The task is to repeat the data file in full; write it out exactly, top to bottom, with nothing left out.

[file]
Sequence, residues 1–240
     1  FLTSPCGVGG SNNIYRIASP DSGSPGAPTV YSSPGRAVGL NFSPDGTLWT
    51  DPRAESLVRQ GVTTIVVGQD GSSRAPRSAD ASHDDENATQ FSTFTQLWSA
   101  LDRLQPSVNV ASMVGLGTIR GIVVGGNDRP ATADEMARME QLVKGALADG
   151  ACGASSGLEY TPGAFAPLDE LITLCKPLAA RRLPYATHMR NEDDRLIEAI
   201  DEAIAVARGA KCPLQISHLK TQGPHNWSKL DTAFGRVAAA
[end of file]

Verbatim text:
Sequence, residues 1–240
     1  FLTSPCGVGG SNNIYRIASP DSGSPGAPTV YSSPGRAVGL NFSPDGTLWT
    51  DPRAESLVRQ GVTTIVVGQD GSSRAPRSAD ASHDDENATQ FSTFTQLWSA
   101  LDRLQPSVNV ASMVGLGTIR GIVVGGNDRP ATADEMARME QLVKGALADG
   151  ACGASSGLEY TPGAFAPLDE LITLCKPLAA RRLPYATHMR NEDDRLIEAI
   201  DEAIAVARGA KCPLQISHLK TQGPHNWSKL DTAFGRVAAA